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ding, dong, dyngus day

Happy Wet Monday! Roll out that barrel of Zyviec, set out plates of leftover Easter fare, put some polkas on the turntable, and let the drenching begin!

Easter Monday marks the end of Lent. In Poland, it also represents the beginning of spring. Known as lany poniedziałek (Wet Monday), this day is honored in rural areas with the curious celebration of Śmigus-Dyngus, with śmigus involving the acts of dousing and switching, and dyngus, involving the act of bribing people with colorful pysanky (decorated Easter eggs) to escape from śmigus.

According to Zygmunt Gloger's authoritative Encyklopedia Staropolska (1900-1903), śmigus comes from the word śmigac (to switch with a cane) and dyngus can be traced back to the Medieval German dingnus (worthy, proper or suitable). Gloger cites usage of dyngnus as a "ransom during a war to protect against pillage" and also suggests a borrowed root of German dingen (to come to an agreement, evaluate or buy back).

Sprinkling people with water on Easter Monday morning has been associated with the 966 A.D. baptism of the court of Prince Mieszko I on Easter Monday, although there is some evidence that this practice existed beforehand as a pagan blessing for spring. Somehow, this blessing evolved into the custom of normally-upstanding young men showing their affection for a girl by dumping copious amounts of water on her head.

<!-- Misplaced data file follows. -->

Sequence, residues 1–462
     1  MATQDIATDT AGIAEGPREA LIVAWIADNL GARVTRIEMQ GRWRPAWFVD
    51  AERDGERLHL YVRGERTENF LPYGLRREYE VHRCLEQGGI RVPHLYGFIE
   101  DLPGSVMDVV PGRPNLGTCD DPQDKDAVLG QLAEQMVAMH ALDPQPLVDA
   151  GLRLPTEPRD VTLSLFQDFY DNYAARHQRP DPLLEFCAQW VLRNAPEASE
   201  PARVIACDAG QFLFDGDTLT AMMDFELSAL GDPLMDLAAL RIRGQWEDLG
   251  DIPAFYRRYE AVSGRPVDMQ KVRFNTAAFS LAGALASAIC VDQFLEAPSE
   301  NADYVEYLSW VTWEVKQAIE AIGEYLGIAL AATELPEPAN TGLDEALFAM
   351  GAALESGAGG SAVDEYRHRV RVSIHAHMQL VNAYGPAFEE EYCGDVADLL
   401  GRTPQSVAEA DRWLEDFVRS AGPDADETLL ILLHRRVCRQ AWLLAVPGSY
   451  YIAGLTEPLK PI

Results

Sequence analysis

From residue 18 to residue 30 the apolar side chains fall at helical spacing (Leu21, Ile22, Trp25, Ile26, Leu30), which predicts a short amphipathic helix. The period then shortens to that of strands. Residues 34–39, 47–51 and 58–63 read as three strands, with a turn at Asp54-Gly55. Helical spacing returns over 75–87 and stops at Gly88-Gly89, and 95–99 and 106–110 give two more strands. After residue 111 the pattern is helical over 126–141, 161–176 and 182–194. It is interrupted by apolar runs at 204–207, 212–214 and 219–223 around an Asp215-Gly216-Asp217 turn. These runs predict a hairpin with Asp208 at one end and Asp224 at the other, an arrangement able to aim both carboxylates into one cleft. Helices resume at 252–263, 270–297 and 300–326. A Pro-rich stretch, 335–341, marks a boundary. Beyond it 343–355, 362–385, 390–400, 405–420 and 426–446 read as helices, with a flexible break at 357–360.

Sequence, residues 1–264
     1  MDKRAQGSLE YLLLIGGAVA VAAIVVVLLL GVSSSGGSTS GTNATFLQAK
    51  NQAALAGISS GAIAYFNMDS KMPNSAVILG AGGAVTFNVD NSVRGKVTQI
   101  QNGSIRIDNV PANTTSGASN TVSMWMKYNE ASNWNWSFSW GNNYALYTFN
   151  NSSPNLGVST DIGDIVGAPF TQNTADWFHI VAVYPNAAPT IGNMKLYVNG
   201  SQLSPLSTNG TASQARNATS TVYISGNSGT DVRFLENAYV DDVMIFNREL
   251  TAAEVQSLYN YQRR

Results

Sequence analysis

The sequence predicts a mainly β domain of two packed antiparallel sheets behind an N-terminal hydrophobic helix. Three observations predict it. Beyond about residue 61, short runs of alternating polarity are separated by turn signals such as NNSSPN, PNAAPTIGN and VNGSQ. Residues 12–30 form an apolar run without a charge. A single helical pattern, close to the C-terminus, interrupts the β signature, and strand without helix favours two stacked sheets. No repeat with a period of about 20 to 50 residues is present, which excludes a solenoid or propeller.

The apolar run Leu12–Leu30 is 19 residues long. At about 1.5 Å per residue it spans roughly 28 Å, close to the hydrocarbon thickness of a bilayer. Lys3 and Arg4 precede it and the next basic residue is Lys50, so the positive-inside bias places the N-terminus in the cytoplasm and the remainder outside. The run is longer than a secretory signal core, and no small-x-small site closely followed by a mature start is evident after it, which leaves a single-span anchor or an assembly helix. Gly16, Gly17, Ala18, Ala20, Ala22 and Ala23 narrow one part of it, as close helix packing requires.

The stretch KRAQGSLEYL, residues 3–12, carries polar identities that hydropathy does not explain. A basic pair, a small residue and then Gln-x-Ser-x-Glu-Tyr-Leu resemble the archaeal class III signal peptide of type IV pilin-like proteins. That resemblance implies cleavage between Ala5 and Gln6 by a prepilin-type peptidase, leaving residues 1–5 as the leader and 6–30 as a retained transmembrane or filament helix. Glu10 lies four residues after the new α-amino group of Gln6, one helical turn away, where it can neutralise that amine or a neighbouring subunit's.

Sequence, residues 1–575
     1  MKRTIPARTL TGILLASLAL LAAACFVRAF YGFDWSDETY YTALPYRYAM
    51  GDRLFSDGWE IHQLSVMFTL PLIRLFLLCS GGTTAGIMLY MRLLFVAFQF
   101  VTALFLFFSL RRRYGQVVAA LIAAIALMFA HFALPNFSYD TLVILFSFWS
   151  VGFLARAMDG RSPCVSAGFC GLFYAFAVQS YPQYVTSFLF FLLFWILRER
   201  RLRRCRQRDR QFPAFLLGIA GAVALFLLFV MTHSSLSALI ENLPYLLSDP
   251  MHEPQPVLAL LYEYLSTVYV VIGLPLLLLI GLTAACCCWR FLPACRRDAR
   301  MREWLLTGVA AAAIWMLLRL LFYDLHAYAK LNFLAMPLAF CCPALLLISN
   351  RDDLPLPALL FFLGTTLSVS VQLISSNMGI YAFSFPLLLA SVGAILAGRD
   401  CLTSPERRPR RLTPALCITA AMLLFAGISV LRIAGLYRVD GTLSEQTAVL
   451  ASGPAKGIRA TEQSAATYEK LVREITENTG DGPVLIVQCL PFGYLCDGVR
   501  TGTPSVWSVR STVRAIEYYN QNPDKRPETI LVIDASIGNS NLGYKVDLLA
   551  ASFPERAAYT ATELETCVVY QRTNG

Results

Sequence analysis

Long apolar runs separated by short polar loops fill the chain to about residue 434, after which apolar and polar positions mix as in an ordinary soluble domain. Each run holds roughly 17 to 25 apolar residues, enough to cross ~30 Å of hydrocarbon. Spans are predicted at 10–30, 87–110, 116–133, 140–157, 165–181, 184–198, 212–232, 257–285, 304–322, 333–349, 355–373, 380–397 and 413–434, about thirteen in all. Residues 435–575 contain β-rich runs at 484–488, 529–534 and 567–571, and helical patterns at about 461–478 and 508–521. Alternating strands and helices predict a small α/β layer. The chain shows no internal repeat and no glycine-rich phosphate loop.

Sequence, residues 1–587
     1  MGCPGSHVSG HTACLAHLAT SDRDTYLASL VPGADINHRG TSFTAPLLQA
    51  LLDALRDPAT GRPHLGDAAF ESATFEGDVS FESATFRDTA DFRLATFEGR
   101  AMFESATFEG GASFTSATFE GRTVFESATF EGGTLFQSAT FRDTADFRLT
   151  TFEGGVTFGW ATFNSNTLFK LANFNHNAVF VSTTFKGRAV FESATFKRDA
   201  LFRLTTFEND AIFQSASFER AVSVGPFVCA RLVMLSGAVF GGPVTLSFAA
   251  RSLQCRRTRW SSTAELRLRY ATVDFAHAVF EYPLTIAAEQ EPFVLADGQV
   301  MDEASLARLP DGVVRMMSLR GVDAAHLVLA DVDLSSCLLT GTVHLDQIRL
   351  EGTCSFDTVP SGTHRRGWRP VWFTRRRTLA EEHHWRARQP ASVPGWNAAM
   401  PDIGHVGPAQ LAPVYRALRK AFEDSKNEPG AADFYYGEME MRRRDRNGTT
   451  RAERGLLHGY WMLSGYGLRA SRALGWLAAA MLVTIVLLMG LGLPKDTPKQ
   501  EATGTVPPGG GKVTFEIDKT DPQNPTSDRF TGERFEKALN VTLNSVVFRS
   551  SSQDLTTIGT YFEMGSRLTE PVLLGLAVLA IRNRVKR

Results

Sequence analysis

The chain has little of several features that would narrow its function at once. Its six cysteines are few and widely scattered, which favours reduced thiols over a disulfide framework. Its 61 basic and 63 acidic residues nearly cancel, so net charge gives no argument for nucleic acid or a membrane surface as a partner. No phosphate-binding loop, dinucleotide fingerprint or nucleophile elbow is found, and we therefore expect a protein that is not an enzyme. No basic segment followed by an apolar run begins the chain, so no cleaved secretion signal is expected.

Polish youth in traditional dress,
engaging in Śmigus-Dyngus pursuits.
Pysanky eggs decorated with symbols of nature's
renewal. Typically thought of as Ukranian, they are also
a beloved Polish tradition, exchanged within families.
The more bizarre practice of switching has it's roots in pre-Christian Poland, when the spring rites of cleansing, purification, and fertility included a switching with willows branches to make themselves "pure" for the coming year.

As the story goes, the more drenching or switching a girl receives, the higher the chance she will be married within the year. Advice for the marriage-minded maid: scout out groups of men holding water bottles and willow branches, and walk very, very slowly.

In the spirit of gender-equality, the ladies get to retaliate on Tuesday, adding plates and broken crockery to the mix of weaponry. If either sex wishes to avoid impending nuptials, all they have to do is bribe the oncoming attacker with Poland’s most ancient symbol of fertility, the ornately painted Easter egg.

In America, Śmigus-Dyngus is known as Dyngus Day, an American-Polish tradition loosely based on the ancient spring customs.

Buffalo, New York is home to the largest Dyngus Day celebration in the United States, with smaller festivals in communities with sizable Polish-American populations such as Chicago, Illinois; Elizabeth, New Jersey; Bristol, Connecticut; Pittsburgh, Pennsylvania; and South Bend, Indiana (where Dyngus Day also marks the beginning of the political primary season).

As the popular 2006 polka anthem explains, "Everybody’s Polish on Dyngus Day!", leading outsiders to describe the experience as "St. Patrick’s Day for Polish people."